Texas House Advances Virtual School Expansion Beyond COVID-19

On Friday night, the House voted 115-3 to advance a bill to expand virtual learning programs for Texas schools beyond the COVID-19 pandemic.

The bill – contested by teacher groups but supported by administrators – attempts to strike a delicate balance by opening up virtual learning more, but not too much. Teachers and administrators face pressure from both sides as some parents demand more virtual options for their children, while others insist that their children only receive in-person instruction.

“We understand that virtual learning is not for all children, but we have heard many parents asking for the option,” Rep. Keith Bell, a Republican from Forney who sponsored the bill, told the floor of the House.

A small number of virtual-only schools have existed in Texas for more than a decade, and schools were allowed to receive state funding for their virtual classrooms last year under an emergency order from the United States. Governor Greg Abbott, but he did not extend that ordinance to this school year.

Abbott has also refused to allow schools to adopt mask warrants, although the Texas Supreme Court allows districts to do so, on a temporary basis. It could end at any time as the High Court, whose nine judges are all Republicans, considers the matter.

The bill passed on Friday creates a new avenue for schools to access state funding for online programs in the future, without touching the previous system. Schools would receive state funding for their virtual classrooms, although this caps these programs at 10 percent of students in a district. State Education Commissioner Mike Morath, appointed by Abbott, has the option of lifting that cap. Parents who wish to send their children to school in person have the right to do so.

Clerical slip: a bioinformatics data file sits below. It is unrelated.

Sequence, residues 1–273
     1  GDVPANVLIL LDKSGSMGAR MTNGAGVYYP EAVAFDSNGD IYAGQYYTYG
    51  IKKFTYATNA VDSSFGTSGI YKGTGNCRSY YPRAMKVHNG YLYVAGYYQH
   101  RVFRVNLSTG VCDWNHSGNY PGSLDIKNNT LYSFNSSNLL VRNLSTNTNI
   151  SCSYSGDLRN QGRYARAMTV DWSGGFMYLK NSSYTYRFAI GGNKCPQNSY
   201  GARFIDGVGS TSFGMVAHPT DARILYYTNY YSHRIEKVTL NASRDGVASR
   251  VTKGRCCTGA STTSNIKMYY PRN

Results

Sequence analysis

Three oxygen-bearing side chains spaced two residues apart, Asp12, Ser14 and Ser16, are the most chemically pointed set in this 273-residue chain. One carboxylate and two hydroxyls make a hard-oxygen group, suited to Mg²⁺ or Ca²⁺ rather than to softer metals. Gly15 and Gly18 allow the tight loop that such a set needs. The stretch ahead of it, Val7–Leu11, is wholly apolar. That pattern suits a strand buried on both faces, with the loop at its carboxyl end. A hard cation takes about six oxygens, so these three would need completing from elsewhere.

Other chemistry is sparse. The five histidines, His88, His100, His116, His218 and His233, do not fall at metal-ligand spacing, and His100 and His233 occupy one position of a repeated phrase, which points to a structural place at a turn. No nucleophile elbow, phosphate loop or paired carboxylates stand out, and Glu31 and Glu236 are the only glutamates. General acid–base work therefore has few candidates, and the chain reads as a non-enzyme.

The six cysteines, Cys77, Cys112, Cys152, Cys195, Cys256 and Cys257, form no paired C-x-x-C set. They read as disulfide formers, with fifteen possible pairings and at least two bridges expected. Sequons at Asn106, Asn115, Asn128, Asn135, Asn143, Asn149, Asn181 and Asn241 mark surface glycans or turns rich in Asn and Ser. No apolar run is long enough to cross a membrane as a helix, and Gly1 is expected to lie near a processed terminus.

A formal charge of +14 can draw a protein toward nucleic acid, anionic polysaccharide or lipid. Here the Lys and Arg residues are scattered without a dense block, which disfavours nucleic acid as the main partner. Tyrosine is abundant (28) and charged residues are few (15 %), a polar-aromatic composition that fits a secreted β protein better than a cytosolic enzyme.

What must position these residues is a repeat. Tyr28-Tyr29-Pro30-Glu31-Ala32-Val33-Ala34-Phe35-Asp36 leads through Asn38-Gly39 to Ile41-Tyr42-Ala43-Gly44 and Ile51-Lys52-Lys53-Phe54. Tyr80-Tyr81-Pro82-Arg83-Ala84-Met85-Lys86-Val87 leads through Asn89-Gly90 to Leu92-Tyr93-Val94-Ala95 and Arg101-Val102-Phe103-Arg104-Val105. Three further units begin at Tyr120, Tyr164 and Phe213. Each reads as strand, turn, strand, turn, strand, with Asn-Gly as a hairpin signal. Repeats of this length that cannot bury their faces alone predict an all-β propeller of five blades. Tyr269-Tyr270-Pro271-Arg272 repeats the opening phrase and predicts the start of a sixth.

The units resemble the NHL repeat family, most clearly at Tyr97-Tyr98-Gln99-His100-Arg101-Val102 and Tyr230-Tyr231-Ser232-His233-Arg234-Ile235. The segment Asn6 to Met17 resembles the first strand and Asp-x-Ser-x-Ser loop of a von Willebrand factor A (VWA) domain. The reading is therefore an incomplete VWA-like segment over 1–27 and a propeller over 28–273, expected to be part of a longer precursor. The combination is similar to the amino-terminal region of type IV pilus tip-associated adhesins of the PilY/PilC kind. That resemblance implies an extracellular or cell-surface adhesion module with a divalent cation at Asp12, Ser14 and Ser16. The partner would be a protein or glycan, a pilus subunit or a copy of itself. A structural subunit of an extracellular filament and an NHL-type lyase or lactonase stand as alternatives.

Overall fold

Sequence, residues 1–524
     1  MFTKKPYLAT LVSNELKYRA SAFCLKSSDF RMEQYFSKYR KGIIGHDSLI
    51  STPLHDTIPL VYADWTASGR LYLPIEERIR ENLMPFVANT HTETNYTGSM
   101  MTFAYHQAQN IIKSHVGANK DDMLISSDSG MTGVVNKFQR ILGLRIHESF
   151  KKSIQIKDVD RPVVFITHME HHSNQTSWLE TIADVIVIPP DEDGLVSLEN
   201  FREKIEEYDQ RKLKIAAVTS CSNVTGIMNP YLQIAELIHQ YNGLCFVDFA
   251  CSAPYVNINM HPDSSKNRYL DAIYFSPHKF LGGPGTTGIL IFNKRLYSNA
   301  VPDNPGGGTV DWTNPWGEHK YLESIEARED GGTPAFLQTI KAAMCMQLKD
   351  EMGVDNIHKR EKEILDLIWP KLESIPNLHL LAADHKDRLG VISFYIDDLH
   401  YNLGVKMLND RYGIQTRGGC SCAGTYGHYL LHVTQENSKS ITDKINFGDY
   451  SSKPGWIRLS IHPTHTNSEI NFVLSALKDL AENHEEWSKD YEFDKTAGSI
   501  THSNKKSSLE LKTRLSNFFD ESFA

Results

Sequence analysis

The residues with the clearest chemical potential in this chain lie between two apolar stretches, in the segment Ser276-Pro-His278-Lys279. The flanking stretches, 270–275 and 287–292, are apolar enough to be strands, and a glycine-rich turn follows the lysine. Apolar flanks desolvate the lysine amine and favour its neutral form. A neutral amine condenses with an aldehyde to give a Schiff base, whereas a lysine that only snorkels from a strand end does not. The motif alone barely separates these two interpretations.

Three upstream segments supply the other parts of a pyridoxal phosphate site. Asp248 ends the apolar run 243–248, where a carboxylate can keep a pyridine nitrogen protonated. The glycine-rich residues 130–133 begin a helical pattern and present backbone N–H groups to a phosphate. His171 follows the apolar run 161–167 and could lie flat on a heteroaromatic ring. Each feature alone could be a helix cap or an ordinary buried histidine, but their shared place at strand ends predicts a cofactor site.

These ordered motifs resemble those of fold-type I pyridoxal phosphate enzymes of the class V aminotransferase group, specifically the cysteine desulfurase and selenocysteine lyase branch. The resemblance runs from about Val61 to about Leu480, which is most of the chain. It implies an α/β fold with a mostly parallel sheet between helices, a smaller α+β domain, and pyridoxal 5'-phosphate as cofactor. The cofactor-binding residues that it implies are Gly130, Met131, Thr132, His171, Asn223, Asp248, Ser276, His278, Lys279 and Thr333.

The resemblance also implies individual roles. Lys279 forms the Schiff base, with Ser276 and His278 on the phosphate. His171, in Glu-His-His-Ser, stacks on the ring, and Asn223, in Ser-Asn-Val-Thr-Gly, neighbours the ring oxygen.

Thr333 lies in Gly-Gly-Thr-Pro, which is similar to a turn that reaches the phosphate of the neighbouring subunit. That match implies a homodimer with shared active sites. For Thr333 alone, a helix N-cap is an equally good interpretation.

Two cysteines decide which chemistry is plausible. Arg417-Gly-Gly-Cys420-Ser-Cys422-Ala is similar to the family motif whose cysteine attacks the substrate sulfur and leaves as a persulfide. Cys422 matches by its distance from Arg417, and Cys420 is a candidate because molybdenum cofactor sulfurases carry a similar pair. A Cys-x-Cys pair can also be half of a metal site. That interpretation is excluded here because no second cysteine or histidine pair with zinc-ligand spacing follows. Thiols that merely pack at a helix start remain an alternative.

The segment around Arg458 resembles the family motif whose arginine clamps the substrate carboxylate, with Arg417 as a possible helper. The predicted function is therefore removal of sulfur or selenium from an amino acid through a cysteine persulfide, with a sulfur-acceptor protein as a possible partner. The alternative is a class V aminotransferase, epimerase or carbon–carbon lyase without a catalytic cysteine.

The legislation also places other safeguards on the virtual curriculum, asserting that teachers cannot be forced to teach both in person and in virtual lessons, and that teachers who are assigned virtual lessons must accept these assignments in writing.

The House will have to vote on the bill once more to send it to the Senate, where it was passed earlier in this special session.

Teacher groups opposing the bill say that since there is already a process to enable e-learning, the state does not need a new law to expand it. They point out that research shows most children do less well with virtual-only lessons, but supporters of the bill argue that a few do better online and that more flexibility will give students and their parents. more options.

The COVID-19 pandemic has created a huge and unprecedented experience for virtual learning, as many teachers across the state have tried to figure out on the fly how to do their jobs without holding classes in person.

This has caused problems: There is a gap in performance on standardized tests between students who attended school more in person last year and those who did not, especially in math, Monty said. Exter, lobbyist for the Association of Texas Professional Educators, who opposes the bill.

Experts and academics also fear that distance learning alone could have adverse social and emotional effects on children who are unable to interact with their peers.

“We recognize that students are best served in brick and mortar facilities, period,” said Colby Nichols, lobbyist for the Texas Association of School Administrators, which supports the bill. “But this is the 21st century. Some students do well in virtual environments, and public schools must have the capacity to serve students as parents see fit.

“Frankly, this is something that families in our neighborhoods are asking for. “

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Perry A. Thomasson